As a result of their involvement in Pakistan's nuclear program, Russia's military or defense industrial base, or their supply of Iranian electronics industry, 24 companies and other entities were placed by the Biden administration on an export control list on Wednesday, Dec. 7.
These businesses include Kraftway Corporation, which describes itself as one of the top Russian IT companies, and Fiber Optic Solutions, a company from Latvia that manufactures fiber optic gyroscopes and other equipment. According to the business, it manufactures and distributes a wide variety of IT solutions.
Based on the Commerce Department, the organizations, which include offices in Latvia, Pakistan, Russia, Singapore, and Switzerland, were added due to concerns about American national security and foreign policy.
Russian Scientific Research Center for Electronic Computing, Fibersense, and scientific media corporation Optolin are also included on the list. Russian Scientific Research Center for Electronic Computing, Fibersense, and scientific media corporation Optolin are also included on the list.
The Pardazan System Namad Arman (PASNA) electronics company from Iran was sanctioned by the US Treasury in 2018; the Commerce Department additionally added four trade and supply companies in Singapore for providing or attempting to supply it.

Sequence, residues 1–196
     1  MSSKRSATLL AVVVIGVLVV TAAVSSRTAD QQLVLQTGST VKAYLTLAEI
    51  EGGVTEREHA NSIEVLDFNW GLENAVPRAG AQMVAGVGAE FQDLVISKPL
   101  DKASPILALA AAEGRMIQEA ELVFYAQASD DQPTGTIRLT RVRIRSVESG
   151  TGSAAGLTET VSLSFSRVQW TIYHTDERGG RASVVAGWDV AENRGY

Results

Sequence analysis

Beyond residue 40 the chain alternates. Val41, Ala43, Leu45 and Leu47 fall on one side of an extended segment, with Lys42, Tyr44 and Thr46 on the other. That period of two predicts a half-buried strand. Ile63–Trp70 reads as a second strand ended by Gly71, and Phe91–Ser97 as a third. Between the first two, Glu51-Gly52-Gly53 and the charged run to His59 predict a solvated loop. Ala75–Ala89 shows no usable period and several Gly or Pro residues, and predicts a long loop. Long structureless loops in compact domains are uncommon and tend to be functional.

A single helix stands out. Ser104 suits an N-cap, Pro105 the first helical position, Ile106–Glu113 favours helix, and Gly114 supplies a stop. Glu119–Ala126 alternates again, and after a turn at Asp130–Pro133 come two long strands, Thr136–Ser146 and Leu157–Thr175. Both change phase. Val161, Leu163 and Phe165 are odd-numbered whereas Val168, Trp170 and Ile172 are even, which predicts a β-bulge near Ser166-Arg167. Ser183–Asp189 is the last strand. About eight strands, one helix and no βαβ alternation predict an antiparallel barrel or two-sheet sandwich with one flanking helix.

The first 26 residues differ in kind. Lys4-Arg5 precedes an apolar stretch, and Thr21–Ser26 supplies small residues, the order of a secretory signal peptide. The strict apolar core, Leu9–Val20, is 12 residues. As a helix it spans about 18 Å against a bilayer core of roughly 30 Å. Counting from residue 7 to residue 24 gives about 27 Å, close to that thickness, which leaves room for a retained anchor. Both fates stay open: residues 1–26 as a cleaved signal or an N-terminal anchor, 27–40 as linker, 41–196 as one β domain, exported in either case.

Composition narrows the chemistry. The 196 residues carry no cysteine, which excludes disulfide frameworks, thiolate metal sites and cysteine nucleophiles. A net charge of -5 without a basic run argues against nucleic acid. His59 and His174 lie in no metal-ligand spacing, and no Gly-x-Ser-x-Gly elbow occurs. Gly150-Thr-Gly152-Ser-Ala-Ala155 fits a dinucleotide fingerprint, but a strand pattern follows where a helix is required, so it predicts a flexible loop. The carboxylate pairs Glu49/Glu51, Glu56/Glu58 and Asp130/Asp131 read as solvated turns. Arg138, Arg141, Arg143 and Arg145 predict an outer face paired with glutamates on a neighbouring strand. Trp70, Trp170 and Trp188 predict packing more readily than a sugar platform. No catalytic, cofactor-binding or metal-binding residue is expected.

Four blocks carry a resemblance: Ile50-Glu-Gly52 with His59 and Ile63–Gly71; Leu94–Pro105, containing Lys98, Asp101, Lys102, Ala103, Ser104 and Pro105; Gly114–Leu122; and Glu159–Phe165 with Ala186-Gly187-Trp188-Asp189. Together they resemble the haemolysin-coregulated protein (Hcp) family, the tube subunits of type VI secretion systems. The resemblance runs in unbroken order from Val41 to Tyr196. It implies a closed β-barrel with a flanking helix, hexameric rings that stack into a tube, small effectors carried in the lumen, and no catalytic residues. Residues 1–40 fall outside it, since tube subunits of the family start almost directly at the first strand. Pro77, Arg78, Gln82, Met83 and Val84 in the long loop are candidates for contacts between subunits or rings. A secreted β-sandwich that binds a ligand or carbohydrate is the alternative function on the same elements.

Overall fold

Ten additional companies in Pakistan and the United Arab Emirates have been added by the Biden administration because they are involved in Pakistan's "nuclear activities and missile proliferation-related activities" or pose unacceptable risks of using or diverting materials for those activities.
Since Moscow invaded Ukraine in February, the U.S. has aggressively used export controls and the entity list to punish businesses for their support of the Russian military and to stop the flow of Western technology to Russia. Before shipping to businesses added to the list, US product suppliers must apply for a unique, challenging license.
All of the companies were unavailable for comment.
In June, the U.S.and its allies deny Russia access to technology after its invasion of Ukraine, the U.S. Commerce Department put five Chinese companies on an export blacklist. Prior to Russia's invasion on February 24, authorities from the Department of Commerce claimed that the corporations had provided goods to Russian entities of concern and "continue to contract to supply" sanctioned Russian entities. They didn't go into specifics about the technologies used.
According to national security adviser Jake Sullivan, the United States' top objective with regard to China in the context of the conflict in Ukraine is to prevent China from arming Russia militarily.